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More about the first Osceola and the Seminole Tribe

Sometime in the 1770's all indian's in Florida came to be known as Seminoles, which means "wild people" or "runaway." The Seminoles weren't really all of one tribe, but the government sort of bulked them all together because they were all in South Florida. Miami Seminoles speak Miccosukee, whereas Brighton Seminoles speak Creek.

by the end of the 3rd war there were only 200-300 Seminoles left hiding in the Florida swamplands

There were three Seminole Wars, the first was sparked by Andrew Jackson when he invaded what was then Spanish territory, the second because of the Indian Removal Act (this is the one during which the US Government took Osceola as a prisoner under a white flag), and by the official end of the third war in 1858 there were only 200-300 Seminoles left hiding in the Florida swamplands (Certainly there were twice as many Florida Panthers in the state as there were Seminoles). There they remained, rarely seen, until decades later with the advent of trading posts in south Florida.

 

Interesting Facts About the Seminoles

  • Osceola was a “War Boss” not a chief. A chief isn't what you think it is. Chiefdom is not typically hereditary, and a chief is more like an ambassador. In order to earn this position they must be important, but "chief" mostly designates that they are someone who deals with outsiders for the tribe or clan. The tribe has it's own internal power structure.
  • Although we closely associate the Seminoles with the Everglades, Osceola’s town was in Ocala.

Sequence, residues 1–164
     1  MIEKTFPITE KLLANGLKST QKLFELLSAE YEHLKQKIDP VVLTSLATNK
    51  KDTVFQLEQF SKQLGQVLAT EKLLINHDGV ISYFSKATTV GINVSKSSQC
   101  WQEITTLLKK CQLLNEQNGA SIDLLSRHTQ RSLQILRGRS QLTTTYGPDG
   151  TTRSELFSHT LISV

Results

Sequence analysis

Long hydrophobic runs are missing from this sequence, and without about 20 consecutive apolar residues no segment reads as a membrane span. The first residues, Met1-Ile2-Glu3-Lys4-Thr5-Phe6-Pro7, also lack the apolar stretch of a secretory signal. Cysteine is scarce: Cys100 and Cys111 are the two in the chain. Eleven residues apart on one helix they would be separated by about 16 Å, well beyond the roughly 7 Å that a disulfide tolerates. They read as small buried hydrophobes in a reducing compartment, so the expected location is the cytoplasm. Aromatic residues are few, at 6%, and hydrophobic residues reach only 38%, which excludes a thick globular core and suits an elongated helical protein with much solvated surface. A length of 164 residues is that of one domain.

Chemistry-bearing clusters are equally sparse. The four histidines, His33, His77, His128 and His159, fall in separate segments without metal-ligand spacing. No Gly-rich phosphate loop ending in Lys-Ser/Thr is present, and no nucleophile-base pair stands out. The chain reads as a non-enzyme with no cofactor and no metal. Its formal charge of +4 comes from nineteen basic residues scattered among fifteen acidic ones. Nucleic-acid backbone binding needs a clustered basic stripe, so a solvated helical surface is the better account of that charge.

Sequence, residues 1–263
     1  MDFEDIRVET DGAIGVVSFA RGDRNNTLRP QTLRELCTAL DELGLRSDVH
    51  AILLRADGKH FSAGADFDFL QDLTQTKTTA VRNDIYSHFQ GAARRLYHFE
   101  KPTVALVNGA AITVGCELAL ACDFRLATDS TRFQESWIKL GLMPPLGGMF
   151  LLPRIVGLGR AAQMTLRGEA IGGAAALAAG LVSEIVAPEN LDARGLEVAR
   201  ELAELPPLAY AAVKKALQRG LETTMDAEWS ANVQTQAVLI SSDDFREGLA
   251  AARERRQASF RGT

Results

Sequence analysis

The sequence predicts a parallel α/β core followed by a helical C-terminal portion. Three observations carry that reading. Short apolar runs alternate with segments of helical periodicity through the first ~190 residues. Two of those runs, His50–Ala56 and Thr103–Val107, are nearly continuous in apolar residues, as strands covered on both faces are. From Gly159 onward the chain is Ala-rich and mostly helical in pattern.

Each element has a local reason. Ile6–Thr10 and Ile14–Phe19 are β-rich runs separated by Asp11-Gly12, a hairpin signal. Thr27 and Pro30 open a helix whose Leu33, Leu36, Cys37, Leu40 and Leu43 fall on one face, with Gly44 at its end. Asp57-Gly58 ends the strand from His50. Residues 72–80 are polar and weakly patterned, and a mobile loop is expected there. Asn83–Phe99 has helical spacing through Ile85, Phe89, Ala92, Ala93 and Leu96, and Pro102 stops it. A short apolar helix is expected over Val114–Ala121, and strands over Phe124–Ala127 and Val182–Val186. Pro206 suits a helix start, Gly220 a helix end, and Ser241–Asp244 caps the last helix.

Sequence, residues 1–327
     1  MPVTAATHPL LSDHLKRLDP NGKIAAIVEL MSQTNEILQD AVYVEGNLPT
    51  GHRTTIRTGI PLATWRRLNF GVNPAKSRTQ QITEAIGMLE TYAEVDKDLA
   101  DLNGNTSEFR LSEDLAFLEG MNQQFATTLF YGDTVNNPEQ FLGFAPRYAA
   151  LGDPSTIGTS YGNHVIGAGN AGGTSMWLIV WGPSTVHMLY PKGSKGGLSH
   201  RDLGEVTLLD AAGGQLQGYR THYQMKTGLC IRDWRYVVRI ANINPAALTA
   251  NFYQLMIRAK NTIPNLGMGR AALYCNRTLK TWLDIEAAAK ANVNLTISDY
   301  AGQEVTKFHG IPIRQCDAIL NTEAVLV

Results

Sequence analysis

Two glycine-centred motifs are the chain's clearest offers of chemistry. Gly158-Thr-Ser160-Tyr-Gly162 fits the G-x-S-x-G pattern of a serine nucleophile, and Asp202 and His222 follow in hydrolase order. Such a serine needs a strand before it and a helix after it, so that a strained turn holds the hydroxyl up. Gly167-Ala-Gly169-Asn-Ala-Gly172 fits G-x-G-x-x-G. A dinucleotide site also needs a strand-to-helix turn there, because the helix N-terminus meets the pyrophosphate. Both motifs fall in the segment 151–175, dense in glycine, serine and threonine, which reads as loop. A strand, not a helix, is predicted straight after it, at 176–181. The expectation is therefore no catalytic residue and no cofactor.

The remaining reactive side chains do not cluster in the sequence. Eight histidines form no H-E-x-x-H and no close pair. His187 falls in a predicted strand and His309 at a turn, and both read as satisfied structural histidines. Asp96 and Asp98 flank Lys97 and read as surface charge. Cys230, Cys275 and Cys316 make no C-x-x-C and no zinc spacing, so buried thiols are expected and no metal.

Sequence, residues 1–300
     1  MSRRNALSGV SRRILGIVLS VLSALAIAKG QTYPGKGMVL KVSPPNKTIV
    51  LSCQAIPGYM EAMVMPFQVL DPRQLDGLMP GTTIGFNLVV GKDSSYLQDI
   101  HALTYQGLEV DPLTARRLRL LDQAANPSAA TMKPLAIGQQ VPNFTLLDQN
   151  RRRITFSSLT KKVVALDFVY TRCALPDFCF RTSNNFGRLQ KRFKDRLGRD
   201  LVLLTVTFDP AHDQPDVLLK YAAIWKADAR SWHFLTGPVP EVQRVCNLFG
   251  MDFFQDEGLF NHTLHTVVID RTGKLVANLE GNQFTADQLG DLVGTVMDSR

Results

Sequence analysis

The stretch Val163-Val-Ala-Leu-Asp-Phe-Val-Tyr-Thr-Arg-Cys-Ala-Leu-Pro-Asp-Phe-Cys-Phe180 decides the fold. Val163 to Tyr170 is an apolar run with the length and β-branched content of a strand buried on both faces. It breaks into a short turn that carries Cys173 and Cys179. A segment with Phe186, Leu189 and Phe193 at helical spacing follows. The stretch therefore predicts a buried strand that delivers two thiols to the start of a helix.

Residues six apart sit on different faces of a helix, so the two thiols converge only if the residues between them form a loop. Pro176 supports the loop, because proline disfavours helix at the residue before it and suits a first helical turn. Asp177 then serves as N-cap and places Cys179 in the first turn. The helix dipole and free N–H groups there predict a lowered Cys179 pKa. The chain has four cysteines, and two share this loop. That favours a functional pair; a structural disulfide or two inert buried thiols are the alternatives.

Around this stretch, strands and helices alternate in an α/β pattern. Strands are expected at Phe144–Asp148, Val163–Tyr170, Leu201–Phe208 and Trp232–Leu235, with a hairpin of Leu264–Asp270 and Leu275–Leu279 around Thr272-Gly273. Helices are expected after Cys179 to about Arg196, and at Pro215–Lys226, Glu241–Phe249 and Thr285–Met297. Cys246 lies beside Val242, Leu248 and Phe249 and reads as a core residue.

• There are eight “clans” within the Seminole tribe: Otter, Bird, Bear, Snake, Deer, Wind, Big Town, and Panther. Your clan is determined by your mother.
  • During the formation of the tribe in the 1950’s the Seminoles raised money through rodeo shows to finance their own travel to Washington DC during the negotiations.
  • Seminoles were not Christians until the 1920's.
  • Osceola's close friend was a white man names Lt. John Graham.

The Role of Modern Seminoles

I asked Mike to tell me a little about the role of the approximately 4,000 modern Seminoles living in Florida, because its not all about the FSU mascot or the Hard Rock Casino. His answer was that they are "striving to maintain cultural identity in spite of socio-economic conditions." That sounds like a line, but I learned during my trip to Big Cypress near Clewiston that it's the truth. It was a town of modest homes, the majority had a few modern toys, maybe an RTV and a  shiny truck, and then there was always a Chickee.

All of these people had chosen to erect a traditional palm roofed shelter in their back yards, and there were huge ones in the common areas. So it's real. They are here to stay, and I feel like they have a lot to offer, so I look forward to a continued Seminole presence in Florida.